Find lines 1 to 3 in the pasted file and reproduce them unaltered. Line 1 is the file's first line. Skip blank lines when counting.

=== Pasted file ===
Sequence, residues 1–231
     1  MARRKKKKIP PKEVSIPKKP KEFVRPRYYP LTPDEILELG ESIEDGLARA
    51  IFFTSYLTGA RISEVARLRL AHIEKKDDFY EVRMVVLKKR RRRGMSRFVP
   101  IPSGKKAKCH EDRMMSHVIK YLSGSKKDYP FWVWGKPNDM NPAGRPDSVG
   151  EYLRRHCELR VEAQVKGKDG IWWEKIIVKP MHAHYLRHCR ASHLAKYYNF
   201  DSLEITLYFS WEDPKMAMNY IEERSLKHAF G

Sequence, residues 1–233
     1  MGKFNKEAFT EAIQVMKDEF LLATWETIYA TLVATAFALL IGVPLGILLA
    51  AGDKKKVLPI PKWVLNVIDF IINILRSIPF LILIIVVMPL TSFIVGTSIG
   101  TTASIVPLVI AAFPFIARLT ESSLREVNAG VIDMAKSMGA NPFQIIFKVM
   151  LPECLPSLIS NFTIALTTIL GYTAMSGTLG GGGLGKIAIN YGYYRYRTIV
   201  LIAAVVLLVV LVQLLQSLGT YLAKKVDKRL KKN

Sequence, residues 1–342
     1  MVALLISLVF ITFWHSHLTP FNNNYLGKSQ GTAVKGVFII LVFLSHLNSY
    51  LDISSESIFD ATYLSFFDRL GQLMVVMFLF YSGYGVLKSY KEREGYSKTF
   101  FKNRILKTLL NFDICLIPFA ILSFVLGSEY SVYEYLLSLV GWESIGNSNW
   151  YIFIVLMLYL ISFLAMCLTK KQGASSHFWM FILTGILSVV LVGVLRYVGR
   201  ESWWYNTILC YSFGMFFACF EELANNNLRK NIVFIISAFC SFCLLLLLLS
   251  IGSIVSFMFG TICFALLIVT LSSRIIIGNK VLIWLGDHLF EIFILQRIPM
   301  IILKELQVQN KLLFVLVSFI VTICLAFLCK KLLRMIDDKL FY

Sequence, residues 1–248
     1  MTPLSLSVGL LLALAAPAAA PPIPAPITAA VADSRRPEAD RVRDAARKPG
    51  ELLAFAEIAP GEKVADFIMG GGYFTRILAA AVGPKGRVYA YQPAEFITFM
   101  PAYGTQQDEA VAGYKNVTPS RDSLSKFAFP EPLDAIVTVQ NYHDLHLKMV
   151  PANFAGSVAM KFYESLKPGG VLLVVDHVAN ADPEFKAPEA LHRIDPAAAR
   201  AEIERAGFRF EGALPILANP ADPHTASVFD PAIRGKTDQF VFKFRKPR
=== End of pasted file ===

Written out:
Sequence, residues 1–231
     1  MARRKKKKIP PKEVSIPKKP KEFVRPRYYP LTPDEILELG ESIEDGLARA
    51  IFFTSYLTGA RISEVARLRL AHIEKKDDFY EVRMVVLKKR RRRGMSRFVP